Poetry Kaleidoscope: Guide to Poetry

Hebrew and Jewish Epic Poetry

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Though an abundance of historical reminiscence and legend lay in the storehouse of Jewish literature, none of it was built into epic poems until relatively recently. Religious and secular poets, it is true, often treated of such subjects as Abraham and Isaac and the near sacrifice of Isaac on Mount Moriah, Jacob and Joseph and the story of their lives, Moses and Aaron and the departure from Egypt, Joshua and the entrance into Canaan, Jeremiah and the fall of Jerusalem, Elijah the Prophet, etc. These, however, are often considered only poems with an epic coloring; a pure epic poem according to the rules of art was not produced during the Middle Ages.

The stern character of Jewish monotheism prevented the rise of hero-worship, without which real epic poetry is impossible. Solomon de Oliveira is probably one of the first of whom an epic is known ("Elat Ahabim," Amsterdam, 1665). The first to produce an epic poem was N. H. Wessely with his Mosaide "Shire Tif'eret" (Berlin, 1789-1802), an epic on the Exodus from Egypt. The influence of a similar work by the German poet Klopstock is evident. Next to him stands Shalom Kohn with his "Ner David", an epic poem on King David (Vienna, 1834). The influence of these two epics on the readers and poets of that time was considerable.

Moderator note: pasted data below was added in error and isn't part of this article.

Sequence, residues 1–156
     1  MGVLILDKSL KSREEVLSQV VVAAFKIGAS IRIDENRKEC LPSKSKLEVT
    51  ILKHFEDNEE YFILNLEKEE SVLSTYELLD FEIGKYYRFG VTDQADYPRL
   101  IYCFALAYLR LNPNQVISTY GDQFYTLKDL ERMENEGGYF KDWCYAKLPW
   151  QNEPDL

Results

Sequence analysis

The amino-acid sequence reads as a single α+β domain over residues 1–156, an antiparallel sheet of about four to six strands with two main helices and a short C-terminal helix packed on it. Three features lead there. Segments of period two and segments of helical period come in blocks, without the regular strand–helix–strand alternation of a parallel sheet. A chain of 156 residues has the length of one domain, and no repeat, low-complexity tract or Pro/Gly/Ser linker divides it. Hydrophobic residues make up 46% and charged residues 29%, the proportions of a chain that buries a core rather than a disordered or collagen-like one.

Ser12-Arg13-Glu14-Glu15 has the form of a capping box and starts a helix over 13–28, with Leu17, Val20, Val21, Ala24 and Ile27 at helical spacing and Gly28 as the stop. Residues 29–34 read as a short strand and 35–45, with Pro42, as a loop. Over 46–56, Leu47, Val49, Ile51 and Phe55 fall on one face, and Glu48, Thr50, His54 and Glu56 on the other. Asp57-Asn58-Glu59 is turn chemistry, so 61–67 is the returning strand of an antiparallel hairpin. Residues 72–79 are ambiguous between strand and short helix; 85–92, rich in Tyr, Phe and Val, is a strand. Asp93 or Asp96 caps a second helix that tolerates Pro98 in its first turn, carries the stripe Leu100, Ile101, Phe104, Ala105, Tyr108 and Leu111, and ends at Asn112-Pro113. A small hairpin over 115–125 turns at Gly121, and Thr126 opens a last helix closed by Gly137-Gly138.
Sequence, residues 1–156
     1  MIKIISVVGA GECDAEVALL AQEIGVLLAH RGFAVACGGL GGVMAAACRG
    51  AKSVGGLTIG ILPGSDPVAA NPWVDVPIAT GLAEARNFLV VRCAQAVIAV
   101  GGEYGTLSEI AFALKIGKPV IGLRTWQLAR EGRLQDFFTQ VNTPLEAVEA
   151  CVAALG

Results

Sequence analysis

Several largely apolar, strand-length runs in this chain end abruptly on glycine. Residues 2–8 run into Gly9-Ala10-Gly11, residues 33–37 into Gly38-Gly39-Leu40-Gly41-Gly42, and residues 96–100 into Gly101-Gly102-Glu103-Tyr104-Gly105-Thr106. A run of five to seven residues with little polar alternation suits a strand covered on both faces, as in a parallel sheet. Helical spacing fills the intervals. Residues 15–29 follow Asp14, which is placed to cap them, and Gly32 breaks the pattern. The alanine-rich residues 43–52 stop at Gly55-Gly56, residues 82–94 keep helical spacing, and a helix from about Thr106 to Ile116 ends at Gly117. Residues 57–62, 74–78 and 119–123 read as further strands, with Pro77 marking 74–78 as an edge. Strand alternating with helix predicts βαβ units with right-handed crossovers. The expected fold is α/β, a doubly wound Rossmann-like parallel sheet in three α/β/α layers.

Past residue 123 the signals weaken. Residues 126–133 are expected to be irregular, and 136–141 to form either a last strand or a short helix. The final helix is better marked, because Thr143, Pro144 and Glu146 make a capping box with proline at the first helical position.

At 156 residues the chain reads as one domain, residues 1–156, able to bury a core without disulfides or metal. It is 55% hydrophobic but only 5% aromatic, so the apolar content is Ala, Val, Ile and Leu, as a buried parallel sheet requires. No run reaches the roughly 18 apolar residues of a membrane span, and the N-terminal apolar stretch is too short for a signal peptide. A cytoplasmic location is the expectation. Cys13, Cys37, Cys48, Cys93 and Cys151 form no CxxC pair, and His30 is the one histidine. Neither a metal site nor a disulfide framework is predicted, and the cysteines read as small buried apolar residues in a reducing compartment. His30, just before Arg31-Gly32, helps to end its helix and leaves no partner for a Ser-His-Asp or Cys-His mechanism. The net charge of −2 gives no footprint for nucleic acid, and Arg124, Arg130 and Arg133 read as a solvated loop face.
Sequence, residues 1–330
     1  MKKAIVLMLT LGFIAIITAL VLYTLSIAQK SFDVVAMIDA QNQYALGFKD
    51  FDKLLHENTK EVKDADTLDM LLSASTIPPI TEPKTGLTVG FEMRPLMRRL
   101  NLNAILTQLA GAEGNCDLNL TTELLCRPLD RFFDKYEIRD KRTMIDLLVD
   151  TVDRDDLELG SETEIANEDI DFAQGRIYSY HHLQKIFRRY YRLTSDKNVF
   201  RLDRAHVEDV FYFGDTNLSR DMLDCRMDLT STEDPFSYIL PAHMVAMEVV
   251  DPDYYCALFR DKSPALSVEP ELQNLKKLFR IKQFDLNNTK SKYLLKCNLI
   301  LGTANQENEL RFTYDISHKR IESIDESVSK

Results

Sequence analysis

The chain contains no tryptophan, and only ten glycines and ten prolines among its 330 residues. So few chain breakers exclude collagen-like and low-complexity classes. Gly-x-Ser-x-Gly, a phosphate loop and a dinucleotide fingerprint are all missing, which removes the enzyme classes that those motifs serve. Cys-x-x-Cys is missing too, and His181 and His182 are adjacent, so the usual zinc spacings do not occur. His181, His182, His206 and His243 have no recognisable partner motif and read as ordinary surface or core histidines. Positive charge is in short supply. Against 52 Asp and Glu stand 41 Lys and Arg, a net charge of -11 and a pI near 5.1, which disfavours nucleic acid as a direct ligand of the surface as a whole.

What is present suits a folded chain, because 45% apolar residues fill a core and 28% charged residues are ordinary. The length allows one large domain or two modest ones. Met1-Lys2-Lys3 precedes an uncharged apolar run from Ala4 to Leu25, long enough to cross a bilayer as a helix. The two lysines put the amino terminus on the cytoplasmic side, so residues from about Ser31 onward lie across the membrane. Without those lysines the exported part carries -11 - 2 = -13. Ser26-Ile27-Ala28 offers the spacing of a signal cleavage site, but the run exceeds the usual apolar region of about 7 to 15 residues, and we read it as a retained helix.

In addition the following poets may be mentioned from that and the succeeding period: Issachar Bär Schlesinger ("Ha-Ḥashmona'im," Prague, 1817); Samuel Molder ("Beruriya," Amsterdam, 1825); Süsskind Raschkow ("Ḥayye Shimshon," Breslau, 1824); Gabriel Pollak ("Ha-Keritot," Amsterdam, 1834, and "Ḳiḳayon le-Yonah," ib. 1853); and Hirsch Wassertrilling ("Hadrat Elisha'," Breslau, 1857, and "Nezer Ḥamodot," ib. 1860). Works of this sort have been written by M. I. Lebensohn, J. L. Gordon ("Ahavat David u-Mikal", Wilna, 1856, and vols. iii. and iv. of his collected works, St. Petersburg, 1883), Chaim N. Bialik, and S. Tschernichowski.


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